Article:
To assess the healthcare utilization of patients with intractable chronic neuropathic pain treated with spinal cord stimulation and peripheral nerve stimulation and to provide a cost-benefit analysis.
The case records of 222 consecutive patients who received spinal cord stimulation or peripheral nerve stimulation implants at the Cleveland Clinic Foundation between 1990 and 1998 were reviewed retrospectively. Patients were asked to complete a Neurostimulation Outcome Questionnaire designed to gather data on utilization of healthcare resources starting 1 year before surgical implantation. These data were pooled and net differences in events per patient per year, before and after device implantation were calculated and modeled to 2000 cost data obtained from the Medicare Fee Schedule and Healthcare Financing Administration.
Neurostimulation Outcome Questionnaires were returned by 128 patients. The mean patient age was 46 ± 12.5 years (range 21–71 years) and the mean implant duration was 3.1 ± 2.3 years (range 0.5–8.9 years). The mean per patient total reimbursement of spinal cord stimulation/peripheral nerve stimulation absent pharmacotherapy was $38,187. Patients treated with spinal cord stimulation/peripheral nerve stimulation for pain management achieved reductions in physician office visits, nerve blocks, radiologic imaging, emergency department visits, hospitalizations, and surgical procedures, which translated into a net annual savings of approximately $30,221 and a savings of $93,685 over the 3.1-year implant duration. The large reduction in healthcare utilization following spinal cord stimulation/peripheral nerve stimulation implantation resulted in a net per patient per year cost savings of approximately $17,903.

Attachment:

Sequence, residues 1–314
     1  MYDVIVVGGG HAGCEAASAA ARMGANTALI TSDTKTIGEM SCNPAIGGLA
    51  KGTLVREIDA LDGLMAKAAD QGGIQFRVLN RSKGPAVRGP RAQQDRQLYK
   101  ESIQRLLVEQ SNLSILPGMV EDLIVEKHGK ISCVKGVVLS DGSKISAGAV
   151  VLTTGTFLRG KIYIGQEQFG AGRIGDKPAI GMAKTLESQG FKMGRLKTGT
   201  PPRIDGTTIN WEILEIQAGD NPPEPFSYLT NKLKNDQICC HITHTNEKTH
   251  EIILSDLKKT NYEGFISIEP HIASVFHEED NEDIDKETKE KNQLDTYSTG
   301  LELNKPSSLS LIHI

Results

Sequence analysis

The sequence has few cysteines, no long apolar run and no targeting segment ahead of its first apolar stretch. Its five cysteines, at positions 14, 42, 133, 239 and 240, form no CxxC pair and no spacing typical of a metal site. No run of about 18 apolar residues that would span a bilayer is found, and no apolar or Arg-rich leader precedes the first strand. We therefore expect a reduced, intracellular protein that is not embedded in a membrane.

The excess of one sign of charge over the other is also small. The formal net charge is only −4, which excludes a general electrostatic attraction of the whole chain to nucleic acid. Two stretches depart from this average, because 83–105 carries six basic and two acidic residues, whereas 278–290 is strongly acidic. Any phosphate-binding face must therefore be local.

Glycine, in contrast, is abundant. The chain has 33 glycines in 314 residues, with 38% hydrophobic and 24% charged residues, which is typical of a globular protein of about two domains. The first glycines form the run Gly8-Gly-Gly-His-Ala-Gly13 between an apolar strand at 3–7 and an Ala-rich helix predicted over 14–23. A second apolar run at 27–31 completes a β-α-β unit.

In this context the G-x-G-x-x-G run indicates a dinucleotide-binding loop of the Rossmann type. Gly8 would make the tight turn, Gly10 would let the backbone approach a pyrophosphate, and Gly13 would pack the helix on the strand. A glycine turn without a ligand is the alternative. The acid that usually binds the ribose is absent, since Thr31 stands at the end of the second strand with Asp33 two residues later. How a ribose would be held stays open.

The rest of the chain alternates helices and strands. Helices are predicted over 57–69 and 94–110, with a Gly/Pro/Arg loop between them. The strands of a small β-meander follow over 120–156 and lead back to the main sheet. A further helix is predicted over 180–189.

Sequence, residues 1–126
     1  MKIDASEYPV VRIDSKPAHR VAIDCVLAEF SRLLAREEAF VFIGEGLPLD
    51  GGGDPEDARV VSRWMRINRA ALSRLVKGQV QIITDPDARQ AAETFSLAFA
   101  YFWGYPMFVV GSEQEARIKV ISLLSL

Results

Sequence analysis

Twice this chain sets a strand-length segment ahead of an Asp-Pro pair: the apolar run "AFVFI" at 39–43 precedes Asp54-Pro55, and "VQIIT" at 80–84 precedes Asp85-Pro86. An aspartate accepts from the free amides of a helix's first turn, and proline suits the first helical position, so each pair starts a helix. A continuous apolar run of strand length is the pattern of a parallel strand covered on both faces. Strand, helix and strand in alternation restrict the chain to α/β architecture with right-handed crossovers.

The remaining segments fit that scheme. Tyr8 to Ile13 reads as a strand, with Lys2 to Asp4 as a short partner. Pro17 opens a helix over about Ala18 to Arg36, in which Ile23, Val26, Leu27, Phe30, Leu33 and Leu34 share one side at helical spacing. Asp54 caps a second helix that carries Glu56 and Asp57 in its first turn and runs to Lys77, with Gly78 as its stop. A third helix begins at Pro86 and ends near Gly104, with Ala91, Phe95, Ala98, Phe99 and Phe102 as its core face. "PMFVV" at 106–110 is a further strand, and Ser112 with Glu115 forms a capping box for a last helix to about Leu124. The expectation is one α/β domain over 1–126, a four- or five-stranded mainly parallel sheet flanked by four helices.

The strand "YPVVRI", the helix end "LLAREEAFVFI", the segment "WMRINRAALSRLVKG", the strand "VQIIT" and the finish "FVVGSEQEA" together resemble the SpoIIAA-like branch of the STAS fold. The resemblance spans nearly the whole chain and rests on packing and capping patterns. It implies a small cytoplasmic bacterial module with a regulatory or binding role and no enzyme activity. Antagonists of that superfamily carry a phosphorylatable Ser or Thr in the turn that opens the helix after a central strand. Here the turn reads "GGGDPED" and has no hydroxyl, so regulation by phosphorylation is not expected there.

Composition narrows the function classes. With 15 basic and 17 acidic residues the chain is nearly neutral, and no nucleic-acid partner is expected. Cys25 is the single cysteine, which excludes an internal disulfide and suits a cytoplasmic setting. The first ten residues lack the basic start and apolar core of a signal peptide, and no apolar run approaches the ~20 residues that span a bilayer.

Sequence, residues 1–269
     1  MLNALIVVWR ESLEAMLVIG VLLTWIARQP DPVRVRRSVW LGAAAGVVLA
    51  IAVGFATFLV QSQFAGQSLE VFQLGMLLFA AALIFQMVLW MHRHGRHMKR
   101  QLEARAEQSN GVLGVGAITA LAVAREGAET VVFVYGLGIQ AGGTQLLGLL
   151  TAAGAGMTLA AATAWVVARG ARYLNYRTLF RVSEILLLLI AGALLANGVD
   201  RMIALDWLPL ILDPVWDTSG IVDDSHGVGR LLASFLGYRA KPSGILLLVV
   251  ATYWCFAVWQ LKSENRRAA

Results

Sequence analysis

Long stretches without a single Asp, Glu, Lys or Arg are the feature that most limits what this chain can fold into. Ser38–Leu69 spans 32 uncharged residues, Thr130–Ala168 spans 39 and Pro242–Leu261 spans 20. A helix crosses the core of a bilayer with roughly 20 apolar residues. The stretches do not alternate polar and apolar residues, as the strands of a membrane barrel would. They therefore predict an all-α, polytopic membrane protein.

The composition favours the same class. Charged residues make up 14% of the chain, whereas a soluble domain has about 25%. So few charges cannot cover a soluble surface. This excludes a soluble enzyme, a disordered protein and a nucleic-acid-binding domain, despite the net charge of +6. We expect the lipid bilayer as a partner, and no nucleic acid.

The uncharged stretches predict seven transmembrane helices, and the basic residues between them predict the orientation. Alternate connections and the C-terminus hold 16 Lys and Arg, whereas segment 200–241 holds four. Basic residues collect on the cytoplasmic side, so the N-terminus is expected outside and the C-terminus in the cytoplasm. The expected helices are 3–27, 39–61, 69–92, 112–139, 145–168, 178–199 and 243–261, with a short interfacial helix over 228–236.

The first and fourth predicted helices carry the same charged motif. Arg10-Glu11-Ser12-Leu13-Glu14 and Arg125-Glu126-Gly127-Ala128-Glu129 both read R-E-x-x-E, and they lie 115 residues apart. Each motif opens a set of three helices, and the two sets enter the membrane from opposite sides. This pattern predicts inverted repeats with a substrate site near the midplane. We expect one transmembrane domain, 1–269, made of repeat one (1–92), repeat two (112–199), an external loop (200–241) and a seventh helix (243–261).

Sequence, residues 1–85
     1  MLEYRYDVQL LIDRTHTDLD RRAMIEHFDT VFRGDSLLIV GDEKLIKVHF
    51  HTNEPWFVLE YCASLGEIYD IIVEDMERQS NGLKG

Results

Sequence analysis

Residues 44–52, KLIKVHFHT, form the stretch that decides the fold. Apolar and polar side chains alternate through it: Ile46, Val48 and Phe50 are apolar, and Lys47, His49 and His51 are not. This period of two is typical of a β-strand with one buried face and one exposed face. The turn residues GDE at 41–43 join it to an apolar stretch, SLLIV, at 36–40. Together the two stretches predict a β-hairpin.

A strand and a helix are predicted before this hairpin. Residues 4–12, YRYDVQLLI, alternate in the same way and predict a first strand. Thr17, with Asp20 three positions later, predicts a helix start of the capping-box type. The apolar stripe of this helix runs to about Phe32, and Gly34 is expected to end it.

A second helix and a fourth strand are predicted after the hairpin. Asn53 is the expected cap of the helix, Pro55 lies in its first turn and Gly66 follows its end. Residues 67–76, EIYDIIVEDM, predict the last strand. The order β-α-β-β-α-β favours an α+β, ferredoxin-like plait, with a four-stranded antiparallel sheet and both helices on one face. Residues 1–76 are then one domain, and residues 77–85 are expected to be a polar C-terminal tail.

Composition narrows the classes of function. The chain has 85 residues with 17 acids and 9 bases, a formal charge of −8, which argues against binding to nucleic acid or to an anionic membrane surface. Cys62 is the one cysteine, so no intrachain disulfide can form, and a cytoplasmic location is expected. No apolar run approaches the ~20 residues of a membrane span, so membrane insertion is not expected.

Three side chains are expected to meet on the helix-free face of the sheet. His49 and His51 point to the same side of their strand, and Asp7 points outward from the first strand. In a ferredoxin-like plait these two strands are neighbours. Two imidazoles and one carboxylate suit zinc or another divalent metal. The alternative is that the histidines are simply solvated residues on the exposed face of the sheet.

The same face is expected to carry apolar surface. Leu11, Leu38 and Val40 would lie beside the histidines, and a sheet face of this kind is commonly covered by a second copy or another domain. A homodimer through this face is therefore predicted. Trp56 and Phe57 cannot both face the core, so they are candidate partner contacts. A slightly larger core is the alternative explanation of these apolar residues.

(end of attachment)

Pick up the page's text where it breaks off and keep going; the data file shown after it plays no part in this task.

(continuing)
The reduced demand for healthcare resources by patients receiving neurostimulation suggests that peripheral nerve stimulation and spinal cord stimulation treatment, although associated with relatively high initial costs, demonstrates substantial long-term economic benefits. Thus, neurostimulation should be considered as a viable option for the early treatment of patients with intractable chronic neuropathic pain.
From the Department of Pain Management, The Cleveland Clinic Foundation, Cleveland, OH.
Received March 18, 2003; revised July 4, 2003; accepted July 19, 2003.
Reprints: Nagy A. Mekhail, MD, PhD, Chairman, Department of Pain Management, The Cleveland Clinic Foundation, 9500 Euclid Avenue, C25, Cleveland, OH 44195 (e-mail: firstname.lastname@example.org).